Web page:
Abila (Peraea)

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Coordinates: 31°50′59″N 35°40′43″E / 31.84972°N 35.67861°E / 31.84972; 35.67861 Abila (Arabic: ابيلا‎) – also biblical: Abel-Shittim or Ha-Shittim (or simply Shittim) – was an ancient city east of the Jordan River in Moab, later Peraea, near Livias, about twelve km. northeast of the north shore of the Dead Sea; the site is now that of Abil-ez-Zeit, Jordan.

Abel-Shittim, (Hebrew meaning "Meadow of the Acacias"), is found only in Numbers 33:49; but Ha-Shittim (Hebrew meaning "The Acacias"), evidently the same place, is mentioned in Numbers 25:1, Joshua 2:1. Joshua 3:1, and Micah, 6:5, it was the forty-second encampment of the Israelites, associated with Israelite cultural integration and inter-marriage with the Moabite residents, the heresy of Peor and the Covenant of Peace according to which God recognized the zeal of Phinehas and the permanence of the Aaronic priesthood.[1] It was also the final headquarters of Joshua before he crossed the Jordan.

The location is translated as Shittim in the Geneva Bible, Jerusalem Bible, King James Version, New International Version and New Revised Standard Version; the Complete Jewish Bible and Orthodox Jewish Bible both translate as Sheetim. The Good News Translation has Acacia Valley and the New King James Version has Acacia Grove.[2]

Josephus[3] stated that there was in his time a town, Abila, "full of palm trees", at a distance of sixty stadia[4] from the Jordan, and described it as the spot where Moses delivered the exhortations of Deuteronomy, it is claimed that to this day an acacia grove is not far from the place, although palms as mentioned by Josephus are not to be found. Perhaps Josephus or his sources did not distinguish acacia from palms.

Abel-Shittim is identified with the area around Tall el-Hammam, in the Late Bronze Age.[5]

During the First Jewish-Roman War, Abila was captured by the Roman Imperial army, and was used by them to resettle deserters who had joined the Roman ranks.[6]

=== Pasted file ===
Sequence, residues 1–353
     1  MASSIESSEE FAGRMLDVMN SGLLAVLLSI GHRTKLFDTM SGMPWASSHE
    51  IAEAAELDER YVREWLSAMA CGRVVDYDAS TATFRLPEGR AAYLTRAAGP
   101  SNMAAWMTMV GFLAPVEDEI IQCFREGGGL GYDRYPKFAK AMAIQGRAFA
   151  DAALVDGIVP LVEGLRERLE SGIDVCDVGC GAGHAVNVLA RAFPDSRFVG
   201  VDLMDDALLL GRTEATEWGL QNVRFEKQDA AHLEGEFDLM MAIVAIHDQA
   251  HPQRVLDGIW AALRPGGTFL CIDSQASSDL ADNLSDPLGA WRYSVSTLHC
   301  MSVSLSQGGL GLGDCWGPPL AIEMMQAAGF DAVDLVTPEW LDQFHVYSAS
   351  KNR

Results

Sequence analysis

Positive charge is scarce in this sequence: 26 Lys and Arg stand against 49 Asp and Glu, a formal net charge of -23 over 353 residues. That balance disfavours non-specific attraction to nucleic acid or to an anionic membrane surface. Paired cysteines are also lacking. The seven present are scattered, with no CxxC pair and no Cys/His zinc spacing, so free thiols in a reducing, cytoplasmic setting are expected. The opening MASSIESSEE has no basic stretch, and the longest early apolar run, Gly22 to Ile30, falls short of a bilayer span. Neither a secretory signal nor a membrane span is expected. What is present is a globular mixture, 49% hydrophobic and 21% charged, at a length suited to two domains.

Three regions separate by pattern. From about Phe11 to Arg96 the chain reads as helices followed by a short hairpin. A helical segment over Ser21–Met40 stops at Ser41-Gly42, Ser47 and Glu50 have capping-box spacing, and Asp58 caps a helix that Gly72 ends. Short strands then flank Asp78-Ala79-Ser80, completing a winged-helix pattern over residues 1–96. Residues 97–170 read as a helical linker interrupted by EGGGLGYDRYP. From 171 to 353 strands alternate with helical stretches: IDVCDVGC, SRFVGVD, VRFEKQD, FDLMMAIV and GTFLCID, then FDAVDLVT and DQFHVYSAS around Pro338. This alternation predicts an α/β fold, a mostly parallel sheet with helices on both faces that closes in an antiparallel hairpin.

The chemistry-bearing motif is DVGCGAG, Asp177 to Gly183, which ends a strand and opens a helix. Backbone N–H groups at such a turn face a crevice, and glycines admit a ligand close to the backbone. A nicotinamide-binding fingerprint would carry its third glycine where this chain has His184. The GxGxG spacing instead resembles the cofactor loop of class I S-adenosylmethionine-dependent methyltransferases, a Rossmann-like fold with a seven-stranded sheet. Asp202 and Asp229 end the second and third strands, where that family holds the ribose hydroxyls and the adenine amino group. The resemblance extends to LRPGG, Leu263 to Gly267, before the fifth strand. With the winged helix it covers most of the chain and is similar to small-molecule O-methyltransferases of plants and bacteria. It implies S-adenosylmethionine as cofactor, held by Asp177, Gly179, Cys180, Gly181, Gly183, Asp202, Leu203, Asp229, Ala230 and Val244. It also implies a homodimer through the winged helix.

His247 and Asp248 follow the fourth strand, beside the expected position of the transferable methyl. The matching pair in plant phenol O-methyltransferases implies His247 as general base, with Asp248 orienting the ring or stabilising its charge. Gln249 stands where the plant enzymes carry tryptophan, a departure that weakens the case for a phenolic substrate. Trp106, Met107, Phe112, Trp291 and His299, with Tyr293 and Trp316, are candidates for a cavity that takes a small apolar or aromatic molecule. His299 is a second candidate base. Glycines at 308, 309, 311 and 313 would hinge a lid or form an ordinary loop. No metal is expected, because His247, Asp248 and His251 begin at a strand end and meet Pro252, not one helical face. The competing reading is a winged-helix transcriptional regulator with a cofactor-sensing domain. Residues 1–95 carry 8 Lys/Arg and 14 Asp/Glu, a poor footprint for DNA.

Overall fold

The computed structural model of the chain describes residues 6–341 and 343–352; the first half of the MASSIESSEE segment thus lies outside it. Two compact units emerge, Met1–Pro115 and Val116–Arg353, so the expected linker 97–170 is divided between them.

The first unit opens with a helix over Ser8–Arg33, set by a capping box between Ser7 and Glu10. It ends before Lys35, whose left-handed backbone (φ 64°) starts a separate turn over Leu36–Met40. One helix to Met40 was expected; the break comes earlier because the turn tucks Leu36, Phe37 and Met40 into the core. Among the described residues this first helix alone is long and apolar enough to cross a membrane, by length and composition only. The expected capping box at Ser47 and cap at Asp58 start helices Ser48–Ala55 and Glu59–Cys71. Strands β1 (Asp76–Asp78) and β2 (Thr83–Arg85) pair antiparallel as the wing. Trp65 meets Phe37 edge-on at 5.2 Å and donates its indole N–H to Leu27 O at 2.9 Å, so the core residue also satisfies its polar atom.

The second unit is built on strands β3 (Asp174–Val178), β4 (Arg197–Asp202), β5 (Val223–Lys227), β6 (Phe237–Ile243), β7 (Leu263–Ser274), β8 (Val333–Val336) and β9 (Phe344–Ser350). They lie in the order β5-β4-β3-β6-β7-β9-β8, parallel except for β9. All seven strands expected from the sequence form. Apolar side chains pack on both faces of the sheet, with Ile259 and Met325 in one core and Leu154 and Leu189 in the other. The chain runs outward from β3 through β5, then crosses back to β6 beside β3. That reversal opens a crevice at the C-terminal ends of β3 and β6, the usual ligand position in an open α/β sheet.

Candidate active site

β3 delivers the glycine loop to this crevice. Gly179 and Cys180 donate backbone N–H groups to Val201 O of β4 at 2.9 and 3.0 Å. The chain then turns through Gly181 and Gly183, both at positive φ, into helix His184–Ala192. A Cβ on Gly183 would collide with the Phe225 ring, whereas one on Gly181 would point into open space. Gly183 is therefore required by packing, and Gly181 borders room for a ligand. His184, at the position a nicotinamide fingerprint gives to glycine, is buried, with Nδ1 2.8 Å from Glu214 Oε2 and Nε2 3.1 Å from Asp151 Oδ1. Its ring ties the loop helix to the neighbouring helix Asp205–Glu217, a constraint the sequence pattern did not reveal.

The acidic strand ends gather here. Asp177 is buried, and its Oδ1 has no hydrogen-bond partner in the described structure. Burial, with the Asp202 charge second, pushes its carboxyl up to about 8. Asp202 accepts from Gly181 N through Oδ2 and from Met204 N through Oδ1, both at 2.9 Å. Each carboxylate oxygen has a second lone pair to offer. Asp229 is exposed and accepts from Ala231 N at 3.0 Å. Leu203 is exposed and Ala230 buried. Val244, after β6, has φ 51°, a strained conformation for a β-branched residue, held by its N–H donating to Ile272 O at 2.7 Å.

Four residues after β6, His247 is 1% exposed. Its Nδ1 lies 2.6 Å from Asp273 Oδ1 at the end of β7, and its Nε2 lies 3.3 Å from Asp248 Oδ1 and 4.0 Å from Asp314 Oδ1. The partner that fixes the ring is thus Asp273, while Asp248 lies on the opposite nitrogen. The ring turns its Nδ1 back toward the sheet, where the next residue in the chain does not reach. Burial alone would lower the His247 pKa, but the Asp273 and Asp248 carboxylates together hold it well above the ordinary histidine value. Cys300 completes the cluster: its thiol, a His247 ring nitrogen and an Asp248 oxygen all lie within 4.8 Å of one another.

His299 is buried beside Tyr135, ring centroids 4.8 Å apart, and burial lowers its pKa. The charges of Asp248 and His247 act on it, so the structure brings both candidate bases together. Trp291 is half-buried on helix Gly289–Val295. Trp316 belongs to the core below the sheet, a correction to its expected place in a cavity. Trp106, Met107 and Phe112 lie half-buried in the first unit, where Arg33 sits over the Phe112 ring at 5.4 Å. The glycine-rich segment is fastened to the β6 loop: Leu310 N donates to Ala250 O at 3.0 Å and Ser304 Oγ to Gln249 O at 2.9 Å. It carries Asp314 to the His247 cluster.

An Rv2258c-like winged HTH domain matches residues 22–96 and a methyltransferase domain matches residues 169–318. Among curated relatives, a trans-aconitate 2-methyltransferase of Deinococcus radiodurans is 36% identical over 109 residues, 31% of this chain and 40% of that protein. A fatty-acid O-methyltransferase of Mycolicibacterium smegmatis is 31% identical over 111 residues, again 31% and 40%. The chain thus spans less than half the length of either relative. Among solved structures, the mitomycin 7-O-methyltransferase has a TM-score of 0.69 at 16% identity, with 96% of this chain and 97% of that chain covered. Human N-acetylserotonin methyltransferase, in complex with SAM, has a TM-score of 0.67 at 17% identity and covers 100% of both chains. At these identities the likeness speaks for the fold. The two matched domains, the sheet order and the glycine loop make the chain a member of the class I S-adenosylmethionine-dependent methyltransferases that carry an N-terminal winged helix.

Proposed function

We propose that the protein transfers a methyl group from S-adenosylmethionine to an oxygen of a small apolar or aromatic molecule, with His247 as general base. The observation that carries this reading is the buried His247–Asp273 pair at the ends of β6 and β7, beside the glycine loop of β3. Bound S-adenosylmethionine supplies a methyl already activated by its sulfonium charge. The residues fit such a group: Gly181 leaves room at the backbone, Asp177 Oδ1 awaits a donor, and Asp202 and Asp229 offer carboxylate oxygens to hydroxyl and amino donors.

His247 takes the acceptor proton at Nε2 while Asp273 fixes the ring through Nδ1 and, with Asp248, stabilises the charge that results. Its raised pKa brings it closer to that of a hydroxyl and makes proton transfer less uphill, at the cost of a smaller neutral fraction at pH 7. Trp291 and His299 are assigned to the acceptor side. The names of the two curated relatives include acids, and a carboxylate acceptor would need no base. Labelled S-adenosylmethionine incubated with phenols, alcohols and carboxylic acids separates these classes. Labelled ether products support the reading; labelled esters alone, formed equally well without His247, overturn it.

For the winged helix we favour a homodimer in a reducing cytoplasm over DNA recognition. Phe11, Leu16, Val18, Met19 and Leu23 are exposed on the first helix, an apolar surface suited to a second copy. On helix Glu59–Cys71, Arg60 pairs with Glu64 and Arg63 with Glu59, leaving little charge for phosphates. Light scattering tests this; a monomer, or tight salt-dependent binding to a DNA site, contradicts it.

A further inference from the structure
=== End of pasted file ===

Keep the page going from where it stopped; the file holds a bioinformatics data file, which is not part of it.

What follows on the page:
1. ^ Numbers 25:1-14
  2. ^ All translations except Jerusalem Bible are taken from Bible Gateway www.biblegateway.com, accessed 27 June 2015
  3. ^ Flavius Josephus, Antiquities of the Jews, iv.8, § 1; v.1, § 1
  4. ^ 9 kilometres (6 mi)
  5. ^ William M. Thomson, The Land and the Book: Lebanon, Damascus, and Beyond Jordan, vol. 3, 3 vols. (New York, NY: Harper & Brothers, 1886), 3:669; Nelson Glueck, Explorations in Eastern Palestine II, AASOR 15 (New Haven, CT: ASOR, 1935), 378; Nelson Glueck, “Some Ancient Towns in the Plains of Moab,” Bulletin of the American Schools of Oriental Research 91 (1943), 15; J. Maxwell Miller and Gene M. Tucker, The Book of Joshua, The Cambridge Bible Commentary of the English Bible (Cambridge, MI: Cambridge University Press, 1974), 199; R. K. Harrison, “Shittim,” ed. Edward M. Blaiklock, New International Dictionary of Biblical Archaeology (Grand Rapids, MI: Zondervan, 1983), 413; Rami G. Khouri, Antiquities of the Jordan Rift Valley (Manchester, MI: Solipsist, 1988), 76; Burton MacDonald, East of the Jordan: Territories and Sites of the Hebrew Scriptures, ed. Victor H. Matthews, ASOR Books 6 (Boston, MA: American Schools of Oriental Research, 2000), 90
  6. ^ Josephus, De Bello Judaico (The Jewish War) 4.7.6 (4.437)


  • Richard Talbert, Barrington Atlas of the Greek and Roman World, (ISBN 0-691-03169-X), p. 71.